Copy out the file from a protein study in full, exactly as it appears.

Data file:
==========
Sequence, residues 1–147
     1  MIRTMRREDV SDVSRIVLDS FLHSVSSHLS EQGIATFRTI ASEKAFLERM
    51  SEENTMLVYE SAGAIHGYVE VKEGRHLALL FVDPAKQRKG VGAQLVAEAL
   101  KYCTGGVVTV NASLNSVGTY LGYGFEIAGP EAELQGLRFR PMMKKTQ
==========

Sequence, residues 1–147
     1  MIRTMRREDV SDVSRIVLDS FLHSVSSHLS EQGIATFRTI ASEKAFLERM
    51  SEENTMLVYE SAGAIHGYVE VKEGRHLALL FVDPAKQRKG VGAQLVAEAL
   101  KYCTGGVVTV NASLNSVGTY LGYGFEIAGP EAELQGLRFR PMMKKTQ